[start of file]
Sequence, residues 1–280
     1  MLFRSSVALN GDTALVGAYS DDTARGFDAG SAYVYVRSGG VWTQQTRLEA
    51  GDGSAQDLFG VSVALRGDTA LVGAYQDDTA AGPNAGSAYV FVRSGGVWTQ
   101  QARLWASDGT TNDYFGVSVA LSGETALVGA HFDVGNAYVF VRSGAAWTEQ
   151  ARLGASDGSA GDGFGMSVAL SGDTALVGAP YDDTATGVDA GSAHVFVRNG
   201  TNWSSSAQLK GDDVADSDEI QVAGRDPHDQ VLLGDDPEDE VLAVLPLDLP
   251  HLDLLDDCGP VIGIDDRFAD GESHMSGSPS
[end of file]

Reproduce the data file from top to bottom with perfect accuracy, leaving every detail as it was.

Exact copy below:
Sequence, residues 1–280
     1  MLFRSSVALN GDTALVGAYS DDTARGFDAG SAYVYVRSGG VWTQQTRLEA
    51  GDGSAQDLFG VSVALRGDTA LVGAYQDDTA AGPNAGSAYV FVRSGGVWTQ
   101  QARLWASDGT TNDYFGVSVA LSGETALVGA HFDVGNAYVF VRSGAAWTEQ
   151  ARLGASDGSA GDGFGMSVAL SGDTALVGAP YDDTATGVDA GSAHVFVRNG
   201  TNWSSSAQLK GDDVADSDEI QVAGRDPHDQ VLLGDDPEDE VLAVLPLDLP
   251  HLDLLDDCGP VIGIDDRFAD GESHMSGSPS